Apr 20th, 1:00 PM - 4:00 PM
Log Cutting Apparatus Design Analysis
Dr. Rudy Eggert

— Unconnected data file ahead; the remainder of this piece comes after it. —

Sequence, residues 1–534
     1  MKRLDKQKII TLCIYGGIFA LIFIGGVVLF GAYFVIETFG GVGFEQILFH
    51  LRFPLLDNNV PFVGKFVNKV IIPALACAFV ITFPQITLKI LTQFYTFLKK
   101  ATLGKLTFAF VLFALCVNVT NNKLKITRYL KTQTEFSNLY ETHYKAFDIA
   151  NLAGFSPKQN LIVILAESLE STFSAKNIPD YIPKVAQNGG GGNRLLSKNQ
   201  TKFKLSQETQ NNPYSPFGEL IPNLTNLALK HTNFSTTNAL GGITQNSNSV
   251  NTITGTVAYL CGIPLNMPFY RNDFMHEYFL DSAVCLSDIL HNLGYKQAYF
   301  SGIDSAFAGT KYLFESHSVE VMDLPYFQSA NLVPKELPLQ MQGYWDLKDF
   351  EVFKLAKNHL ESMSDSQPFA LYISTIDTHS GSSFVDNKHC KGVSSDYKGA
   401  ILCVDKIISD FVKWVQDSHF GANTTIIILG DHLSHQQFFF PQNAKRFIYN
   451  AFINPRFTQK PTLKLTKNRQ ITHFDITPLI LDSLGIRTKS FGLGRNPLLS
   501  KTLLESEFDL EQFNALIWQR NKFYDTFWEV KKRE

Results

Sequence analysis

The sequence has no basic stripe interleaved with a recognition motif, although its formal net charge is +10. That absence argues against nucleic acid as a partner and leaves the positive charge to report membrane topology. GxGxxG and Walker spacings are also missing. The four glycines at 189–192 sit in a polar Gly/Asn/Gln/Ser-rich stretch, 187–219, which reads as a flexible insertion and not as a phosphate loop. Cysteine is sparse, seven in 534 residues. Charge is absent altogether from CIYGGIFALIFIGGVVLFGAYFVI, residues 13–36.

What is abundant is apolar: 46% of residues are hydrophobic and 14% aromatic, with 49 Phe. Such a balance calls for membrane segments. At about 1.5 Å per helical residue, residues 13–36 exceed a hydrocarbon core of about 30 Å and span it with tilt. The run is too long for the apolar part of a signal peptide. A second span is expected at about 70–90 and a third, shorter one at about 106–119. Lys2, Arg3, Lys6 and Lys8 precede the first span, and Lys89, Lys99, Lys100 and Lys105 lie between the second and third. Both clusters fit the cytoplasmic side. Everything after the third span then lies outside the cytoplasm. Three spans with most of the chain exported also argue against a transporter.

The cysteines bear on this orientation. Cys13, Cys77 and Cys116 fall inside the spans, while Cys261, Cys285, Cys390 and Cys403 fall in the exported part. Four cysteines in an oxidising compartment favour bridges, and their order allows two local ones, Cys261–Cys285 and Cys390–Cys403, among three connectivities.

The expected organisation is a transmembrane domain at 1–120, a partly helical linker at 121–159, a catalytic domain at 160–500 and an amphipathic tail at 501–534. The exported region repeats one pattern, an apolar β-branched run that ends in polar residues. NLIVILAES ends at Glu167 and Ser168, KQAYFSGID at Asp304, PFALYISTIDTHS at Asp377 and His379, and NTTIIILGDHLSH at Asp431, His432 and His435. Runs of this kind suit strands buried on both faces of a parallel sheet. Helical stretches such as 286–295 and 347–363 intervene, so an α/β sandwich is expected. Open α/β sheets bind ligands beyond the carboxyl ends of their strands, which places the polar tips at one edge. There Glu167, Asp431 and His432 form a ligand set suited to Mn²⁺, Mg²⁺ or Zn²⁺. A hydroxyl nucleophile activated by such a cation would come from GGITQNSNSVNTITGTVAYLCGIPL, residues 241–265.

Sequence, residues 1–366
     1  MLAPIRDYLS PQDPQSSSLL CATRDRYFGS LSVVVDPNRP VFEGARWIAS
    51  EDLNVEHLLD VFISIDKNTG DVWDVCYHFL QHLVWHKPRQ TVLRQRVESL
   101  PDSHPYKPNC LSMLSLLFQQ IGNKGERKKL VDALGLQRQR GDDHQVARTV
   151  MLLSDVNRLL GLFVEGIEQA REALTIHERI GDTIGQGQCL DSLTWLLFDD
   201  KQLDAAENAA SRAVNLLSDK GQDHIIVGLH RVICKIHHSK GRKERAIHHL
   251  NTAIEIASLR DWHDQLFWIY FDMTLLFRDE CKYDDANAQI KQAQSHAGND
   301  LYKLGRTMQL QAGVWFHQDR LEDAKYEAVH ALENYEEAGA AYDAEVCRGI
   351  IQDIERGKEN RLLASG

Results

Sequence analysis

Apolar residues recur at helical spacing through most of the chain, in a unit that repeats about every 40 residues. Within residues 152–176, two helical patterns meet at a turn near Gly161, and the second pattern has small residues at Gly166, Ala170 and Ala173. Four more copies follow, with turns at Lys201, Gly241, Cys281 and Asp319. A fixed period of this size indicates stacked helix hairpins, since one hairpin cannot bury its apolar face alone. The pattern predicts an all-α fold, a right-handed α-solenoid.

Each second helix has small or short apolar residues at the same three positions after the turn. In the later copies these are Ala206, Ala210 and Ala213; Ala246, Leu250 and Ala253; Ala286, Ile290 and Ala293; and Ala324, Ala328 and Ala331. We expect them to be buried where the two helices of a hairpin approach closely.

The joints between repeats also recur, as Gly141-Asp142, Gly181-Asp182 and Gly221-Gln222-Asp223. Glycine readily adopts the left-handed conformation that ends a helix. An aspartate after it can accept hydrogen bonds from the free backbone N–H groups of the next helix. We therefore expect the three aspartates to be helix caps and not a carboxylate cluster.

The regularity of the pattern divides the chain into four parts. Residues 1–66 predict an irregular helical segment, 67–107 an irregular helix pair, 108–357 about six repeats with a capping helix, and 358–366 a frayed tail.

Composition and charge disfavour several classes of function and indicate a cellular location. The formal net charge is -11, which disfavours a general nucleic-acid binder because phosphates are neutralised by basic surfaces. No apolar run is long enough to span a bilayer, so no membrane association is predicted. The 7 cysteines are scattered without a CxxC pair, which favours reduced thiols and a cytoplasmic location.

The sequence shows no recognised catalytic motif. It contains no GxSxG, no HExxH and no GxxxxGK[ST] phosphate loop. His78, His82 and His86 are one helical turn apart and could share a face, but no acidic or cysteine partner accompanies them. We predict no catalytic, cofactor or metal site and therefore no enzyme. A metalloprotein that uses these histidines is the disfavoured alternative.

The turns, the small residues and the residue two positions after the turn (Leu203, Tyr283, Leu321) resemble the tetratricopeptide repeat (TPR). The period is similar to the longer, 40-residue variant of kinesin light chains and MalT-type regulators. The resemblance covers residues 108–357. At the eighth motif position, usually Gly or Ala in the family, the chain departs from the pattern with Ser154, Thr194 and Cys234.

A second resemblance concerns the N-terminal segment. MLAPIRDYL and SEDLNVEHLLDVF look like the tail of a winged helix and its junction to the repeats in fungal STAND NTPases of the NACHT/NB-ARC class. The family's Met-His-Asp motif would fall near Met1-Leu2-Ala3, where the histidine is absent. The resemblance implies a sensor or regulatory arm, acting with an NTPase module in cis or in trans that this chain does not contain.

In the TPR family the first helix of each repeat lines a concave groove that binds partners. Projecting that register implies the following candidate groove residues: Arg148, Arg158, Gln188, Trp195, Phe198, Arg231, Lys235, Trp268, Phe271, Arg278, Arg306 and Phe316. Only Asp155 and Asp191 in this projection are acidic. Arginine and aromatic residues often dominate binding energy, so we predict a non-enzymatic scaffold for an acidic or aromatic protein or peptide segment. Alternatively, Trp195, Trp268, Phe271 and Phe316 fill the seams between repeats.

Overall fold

Our senior design team from the College of Engineering has been selected to design and build a tool that will assist in producing window notches in pre-manufactured logs. Currently, to make a notch, three cuts are made freehand using a chainsaw Two of these cuts are short cross cuts, which are relatively easy to make. The third is a long rip-cut, and is much more difficult. The current process is not accurate and has several safety issues. Our team designed an apparatus which provides a guide so that the difficult rip-cut is not made freehand. This solves the primary customer issues, resulting in a safer, quicker, more accurate cut. Our team has fabricated a full scale prototype from this design. We have determined the most catastrophic mode of failure to be yielding of the axle for the chainsaw attachment. Due to the complexity of the design we are unable to analytically determine the amount of force on the axle. Our current research will consist of physically verifying the strength of this pin. This will be accomplished by suspending the apparatus, with a chainsaw attached but not running. We will then add successive amounts of weight to the end of the chainsaw. Since the maximum force that the chainsaw can undergo without binding is 11 pounds, weight will be added from 11 to 33 pounds, demonstrating a safety factor of three for the strength of the axle. After each amount weight has been applied, a visual inspection will be done to look for localized yielding. We will also be analyzing the design to see if there are any areas that can be improved upon. This will be accomplished by actually using the prototype and confirming that it acts as predicted. We will also compare the accuracy of cuts made with the apparatus to freehand cuts.